There is also the matter of timing to be taken into account when assessing whether or not someone is a OHW, how much time should expire, after an original hit remains unsupported by another top forty entry on the singles charts? Some may criticize the appearance of Gotye and Natalie Gauci amongst the local OHWs in the 4TR list as being unfair, but they only have one hit to their credit and ten years or more has elapsed since that time, with no follow-up success. Gotye’s one hit, Somebody That I Used To Know, sold nearly 12 million copies so he certainly hasn’t felt pressure to release another record, while Natalie Gauci was one of many Australian Idol winners/finalists who only briefly basked in post-Idol popularity, before losing her way and then tried to re-invent herself in the industry, via a “blind audition” on The Voice.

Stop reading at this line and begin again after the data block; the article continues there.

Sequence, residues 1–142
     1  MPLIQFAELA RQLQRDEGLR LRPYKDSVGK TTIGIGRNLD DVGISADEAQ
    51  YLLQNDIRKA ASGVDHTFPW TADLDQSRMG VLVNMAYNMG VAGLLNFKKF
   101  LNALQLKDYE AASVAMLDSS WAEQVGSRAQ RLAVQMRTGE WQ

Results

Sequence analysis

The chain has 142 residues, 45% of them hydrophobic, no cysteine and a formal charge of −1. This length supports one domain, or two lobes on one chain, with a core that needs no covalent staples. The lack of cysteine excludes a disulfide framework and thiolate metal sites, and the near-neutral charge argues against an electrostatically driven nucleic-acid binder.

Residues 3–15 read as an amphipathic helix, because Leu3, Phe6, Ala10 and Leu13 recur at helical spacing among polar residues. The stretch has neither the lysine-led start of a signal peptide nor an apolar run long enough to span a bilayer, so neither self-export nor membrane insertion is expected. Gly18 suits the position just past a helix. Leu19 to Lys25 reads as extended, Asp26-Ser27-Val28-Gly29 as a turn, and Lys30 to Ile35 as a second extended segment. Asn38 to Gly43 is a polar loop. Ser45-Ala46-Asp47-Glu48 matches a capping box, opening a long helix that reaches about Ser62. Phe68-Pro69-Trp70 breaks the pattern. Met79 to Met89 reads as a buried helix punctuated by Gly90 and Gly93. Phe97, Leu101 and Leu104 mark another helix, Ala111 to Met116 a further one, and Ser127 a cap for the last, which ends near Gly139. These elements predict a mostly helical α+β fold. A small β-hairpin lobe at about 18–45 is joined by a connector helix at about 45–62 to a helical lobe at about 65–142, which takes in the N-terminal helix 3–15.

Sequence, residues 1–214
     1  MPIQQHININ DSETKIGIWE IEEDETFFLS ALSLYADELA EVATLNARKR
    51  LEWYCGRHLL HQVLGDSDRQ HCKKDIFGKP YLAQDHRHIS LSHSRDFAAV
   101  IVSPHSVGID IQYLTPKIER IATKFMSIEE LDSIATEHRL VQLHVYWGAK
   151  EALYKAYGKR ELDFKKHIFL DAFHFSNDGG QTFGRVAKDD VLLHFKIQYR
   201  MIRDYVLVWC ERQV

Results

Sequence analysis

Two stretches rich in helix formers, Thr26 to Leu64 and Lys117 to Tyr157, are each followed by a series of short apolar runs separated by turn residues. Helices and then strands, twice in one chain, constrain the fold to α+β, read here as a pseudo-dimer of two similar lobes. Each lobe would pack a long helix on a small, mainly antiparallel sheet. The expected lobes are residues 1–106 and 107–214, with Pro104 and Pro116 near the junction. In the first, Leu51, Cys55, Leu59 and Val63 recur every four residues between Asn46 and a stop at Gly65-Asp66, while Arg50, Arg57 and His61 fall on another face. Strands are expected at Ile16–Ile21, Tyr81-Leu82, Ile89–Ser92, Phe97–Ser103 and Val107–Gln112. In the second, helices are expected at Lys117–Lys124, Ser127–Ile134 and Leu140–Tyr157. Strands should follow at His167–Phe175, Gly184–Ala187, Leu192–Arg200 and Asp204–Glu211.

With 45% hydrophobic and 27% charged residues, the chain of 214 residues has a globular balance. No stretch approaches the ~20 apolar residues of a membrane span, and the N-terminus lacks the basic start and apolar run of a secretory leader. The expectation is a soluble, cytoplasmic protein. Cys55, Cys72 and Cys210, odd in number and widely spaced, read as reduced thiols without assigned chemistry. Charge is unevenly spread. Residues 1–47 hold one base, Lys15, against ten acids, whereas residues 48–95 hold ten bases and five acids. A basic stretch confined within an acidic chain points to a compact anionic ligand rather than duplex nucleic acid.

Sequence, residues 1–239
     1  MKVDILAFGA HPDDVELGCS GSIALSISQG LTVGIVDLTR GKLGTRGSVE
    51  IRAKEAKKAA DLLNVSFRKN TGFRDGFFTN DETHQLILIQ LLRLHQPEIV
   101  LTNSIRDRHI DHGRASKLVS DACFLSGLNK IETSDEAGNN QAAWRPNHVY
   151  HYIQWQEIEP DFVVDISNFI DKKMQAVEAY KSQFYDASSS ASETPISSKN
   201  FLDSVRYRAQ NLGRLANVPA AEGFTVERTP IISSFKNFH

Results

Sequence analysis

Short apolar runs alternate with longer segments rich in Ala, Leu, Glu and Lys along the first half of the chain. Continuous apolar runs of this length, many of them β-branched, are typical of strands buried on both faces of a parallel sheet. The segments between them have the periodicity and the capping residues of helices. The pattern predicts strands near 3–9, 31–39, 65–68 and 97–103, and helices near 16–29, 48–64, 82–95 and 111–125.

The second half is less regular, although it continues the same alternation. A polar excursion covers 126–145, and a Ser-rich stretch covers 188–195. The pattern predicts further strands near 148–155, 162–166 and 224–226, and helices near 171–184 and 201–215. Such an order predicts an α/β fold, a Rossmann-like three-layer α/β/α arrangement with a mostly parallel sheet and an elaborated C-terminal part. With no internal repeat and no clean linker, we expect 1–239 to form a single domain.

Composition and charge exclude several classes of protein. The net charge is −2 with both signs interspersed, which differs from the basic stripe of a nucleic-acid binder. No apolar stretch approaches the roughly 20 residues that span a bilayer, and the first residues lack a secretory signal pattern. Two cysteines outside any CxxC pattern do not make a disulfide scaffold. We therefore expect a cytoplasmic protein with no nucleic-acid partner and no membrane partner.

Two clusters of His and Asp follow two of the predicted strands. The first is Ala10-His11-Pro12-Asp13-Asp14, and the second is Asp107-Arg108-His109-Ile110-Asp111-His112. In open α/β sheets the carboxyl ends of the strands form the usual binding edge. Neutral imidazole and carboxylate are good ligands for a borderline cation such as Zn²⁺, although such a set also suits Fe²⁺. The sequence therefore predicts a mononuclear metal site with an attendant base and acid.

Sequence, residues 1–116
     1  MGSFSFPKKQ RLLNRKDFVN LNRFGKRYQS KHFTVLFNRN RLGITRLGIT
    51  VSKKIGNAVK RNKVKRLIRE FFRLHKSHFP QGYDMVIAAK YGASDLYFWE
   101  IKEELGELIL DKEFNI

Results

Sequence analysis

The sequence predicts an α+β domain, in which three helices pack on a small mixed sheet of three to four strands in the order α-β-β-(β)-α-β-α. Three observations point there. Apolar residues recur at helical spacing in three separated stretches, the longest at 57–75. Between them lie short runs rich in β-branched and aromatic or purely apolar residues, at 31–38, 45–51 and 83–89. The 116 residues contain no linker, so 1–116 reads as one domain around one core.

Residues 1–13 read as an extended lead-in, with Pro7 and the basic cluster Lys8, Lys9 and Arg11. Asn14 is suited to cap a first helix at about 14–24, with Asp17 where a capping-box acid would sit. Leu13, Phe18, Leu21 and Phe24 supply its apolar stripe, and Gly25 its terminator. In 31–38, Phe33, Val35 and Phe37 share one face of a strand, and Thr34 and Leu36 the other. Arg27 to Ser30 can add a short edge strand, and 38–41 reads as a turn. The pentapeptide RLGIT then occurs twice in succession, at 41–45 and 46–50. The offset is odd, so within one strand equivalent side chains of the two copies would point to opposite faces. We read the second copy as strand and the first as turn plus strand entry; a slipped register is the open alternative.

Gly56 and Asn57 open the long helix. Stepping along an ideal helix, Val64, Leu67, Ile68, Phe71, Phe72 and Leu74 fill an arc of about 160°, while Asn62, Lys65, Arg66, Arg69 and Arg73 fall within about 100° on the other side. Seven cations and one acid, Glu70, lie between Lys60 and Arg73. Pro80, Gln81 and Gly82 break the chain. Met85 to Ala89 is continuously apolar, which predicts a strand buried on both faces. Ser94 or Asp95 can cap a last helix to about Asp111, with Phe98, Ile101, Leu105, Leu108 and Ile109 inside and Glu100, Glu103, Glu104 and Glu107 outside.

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Australian performers who were assessed to be the Top Ten Biggest One Hot Wonders (Local) would have taken one single into the top ten here, but never again entered the Australian Top 40, as determined by David Kent’s Chart Books. Two other songs by Australians have been added to this top 10 because although neither qualified as a “hit” here in Australia ie- the song never reached the Top 40 in Australia, they were significant hits in the UK, but neither act took another song into the Australian or UK charts thereafter, so they qualify as “outlier OHWS”.

Somebody That I Used To Know – Gotye (ft Kimbra) ’11 (#1 Aust)

Shaddap You Face – Joe Dolce ’80 (#1 Aust)

The Lord’s Prayer- Sister Janet Mead ’73 (#3 Aust)

On The Inside – Lynne Hamilton ’79 (#4 Aust)

The Newcastle Song – Bob Hudson ’75 (#1 Aust)

I’ll Be Gone – Spectrum ’70 (#4 Aust)

Even When I’m Sleeping – Leonardo’s Bride ’97 (#5 Aust)

Here I Am – Natalie Gauci ’07 (#2 Aust)

When The War Is Over – Cosima De Vito (#1 Aust)

Gypsy Queen – Country Radio ’72 (#10 Aust)

*Everybody’s Free (To Wear Sunscreen) – Baz Luhrmann ’99 (#65Aust, #1 UK)

*In A Broken Dream – Python Lee Jackson ’72 (#84 Aust, #3 UK)